Monday, 26 May 2014

Almost Gothic Art in Spotlight: Deranged Horses

As I mentioned in a previous post, this time I shall write about grotesque horses in portraits. I was on a short holiday in Paris and I visited many art museums, including Louvre, and there were numerous paintings of presumably great men with their horses.

Now, I am not an expert on horses (I have never ridden a horse or at least I do not remember that traumatic episode) but I am pretty sure they are not deranged beasts whose mouth foams and the eyes are wild and maleficent. Unlike my thoughts, that is the general comprehension in most of the paintings starting from 17th century all the way to the time when horses no longer were used on battle field. I took some photos again with my phone's camera so I apologize the less than great quality of photos but here are some deranged horses!

This one above is a detail of a larger painting, it was about stealing some maiden but I can't remember who. As you can see the horse is either foaming like a lunatic or that is smoke coming from it's mouth.

This one with the dead tiger is my personal favorite, the sky is so shockingly blue and the tiger skin is almost vivid and the whole painting is at the same time cute as a candy with all that bright color and still the horse is angry with its 'foaming mouth' which looks to me like it is spitting milk. And there is some random army running towards this demonic horse!This painting is so tacky and slightly grotesque that I can not help but like it.

Unfortunately I did not remember to take pics of the little signs with the paintings' names and artists, so I have no idea who have painted these. But in this one the rider has clearly understood that his stallion ( I have no idea is this a male horse but I do believe people call them stallions) is possessed by a demon or something since he is attacking his companion with a sword.

Need I say anything about this painting? The man looks like a saint because the helmet is made much shinier than other parts of the painting and the feather of the helmet looks like a halo. The horse does not seem to like it at all. The back ground is pleasingly grim.

What do these horses have to do with gothic art? Not so much on the first look but when you think about the etymology of the word 'goth' which originates from those brutal tribes that molested the ancient Rome, I believe there is a resemblance with the words I used to describe these beastly horses. These horses hit my twisted sense of humor and I myself value that sense of humor a big part of my identity as a goth. Therefore I could very well integrate a painting of a demonic horse to otherwise gothic decor.

When I was visiting St. Petersburg there were some bizarre paintings of dogs attacking almost everything. I did a post about them and this strange fascination to beastly horses comes from the same part of my personality as the infatuation of those ghastly hounds.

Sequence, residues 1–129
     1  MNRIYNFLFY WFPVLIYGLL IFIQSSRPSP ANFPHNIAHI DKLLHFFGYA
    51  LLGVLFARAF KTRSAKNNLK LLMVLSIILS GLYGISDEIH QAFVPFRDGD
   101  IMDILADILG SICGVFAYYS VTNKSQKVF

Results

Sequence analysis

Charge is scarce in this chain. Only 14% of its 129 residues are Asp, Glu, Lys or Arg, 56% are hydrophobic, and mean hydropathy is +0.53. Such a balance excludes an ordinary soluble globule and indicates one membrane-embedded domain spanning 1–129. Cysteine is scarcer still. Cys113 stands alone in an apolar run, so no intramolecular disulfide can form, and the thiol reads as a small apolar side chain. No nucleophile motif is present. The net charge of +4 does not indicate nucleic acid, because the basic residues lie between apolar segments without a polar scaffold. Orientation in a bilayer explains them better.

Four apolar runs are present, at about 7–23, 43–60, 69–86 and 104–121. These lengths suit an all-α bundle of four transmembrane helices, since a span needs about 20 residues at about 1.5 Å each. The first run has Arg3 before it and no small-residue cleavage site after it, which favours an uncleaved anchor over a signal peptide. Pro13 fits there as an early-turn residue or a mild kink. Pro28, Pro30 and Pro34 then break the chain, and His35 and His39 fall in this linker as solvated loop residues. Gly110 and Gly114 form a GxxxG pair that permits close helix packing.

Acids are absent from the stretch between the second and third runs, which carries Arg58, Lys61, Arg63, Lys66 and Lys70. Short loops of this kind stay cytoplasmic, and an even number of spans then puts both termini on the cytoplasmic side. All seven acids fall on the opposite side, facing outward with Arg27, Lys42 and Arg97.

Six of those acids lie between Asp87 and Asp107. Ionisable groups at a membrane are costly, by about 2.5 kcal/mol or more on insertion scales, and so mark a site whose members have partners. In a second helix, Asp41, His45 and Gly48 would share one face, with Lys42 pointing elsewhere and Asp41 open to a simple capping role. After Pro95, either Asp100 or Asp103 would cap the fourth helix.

Next week I shall return to the 21st century and to the art of photography. Thanks for reading!

Oh, and a day or two after I visited Louvre and the horses I saw some live ones too! It was a parade to celebrate the end of the World War Two.

Wednesday, 21 May 2014

Greetings from Paris, Catacombs and a Greek tragedy

It has been disgustingly long time since I have posted. The fault is that I have had the last exams and essays to return (well, who hasn't in the spring?) I have also been on a holiday in Paris and I have moved to a different city, at least for the summer! So you can imagine that it has been a very busy month!

Here are some photos (taken with a phone so I apologize the poor quality!) from the Catacombs of Paris and a few pics of the National Opera of Paris, where I went to see a ballet Orphée et Eurydice at the Palais Garnier. I went there an hour before the start of the ballet because then the tickets are cheap. Of coarse the tickets that are available at that hour are the crappiest places, where you can see only 50% of the stage IF you are LUCKY. It was still worth the 10 euro fee, the music and the singers were awesome, the whole set design and costumes were simple and modern and the dance was amazing (at least the parts that I saw ;) ).

If you can't remember at the moment, the story of Orpheus and Eurydice is a tragedy in which the two main characters fall in love but the lady dies. Orpheus travels to hell to retrieve his love. He has the ability to play music so beautifully that the ruler of Hell promises that Orpheus may take his love but Eurydice must walk behind him and Orpheus is not allowed to look back to make sure she really is following. Otherwise she will be damned to hell for eternity. Well, Orpheus is unable to resist the need of a little peek and loses Eurydice for all eternity. He wonders the land in grief and in the end a gang of Maenads (female followers of Dionysus, basically ravers of the Antiquity) bump into Orpheus and the ladies tear him into pieces.

When I visited all those art museums in Paris, I got this feeling that the legend of Orpheus and Eurydice is or was really important to the French because there were about hundred paintings of this legend in the Louvre alone. Mostly from the 18th and 19th centuries but I am not sure if I remember correctly.

The catacombs were worth the waiting. You have to wait in line at least one hour to get there but the catacombs are extremely fascinating!

'Stop! Here lies the empire of death'

I did not take selfies during my holiday except this one because two American tourists provoked me too to take 'a selfie with a dead person!' :D What a lovely macabre sense of humor they had!

Next time something about art: Grotesque paintings of horses!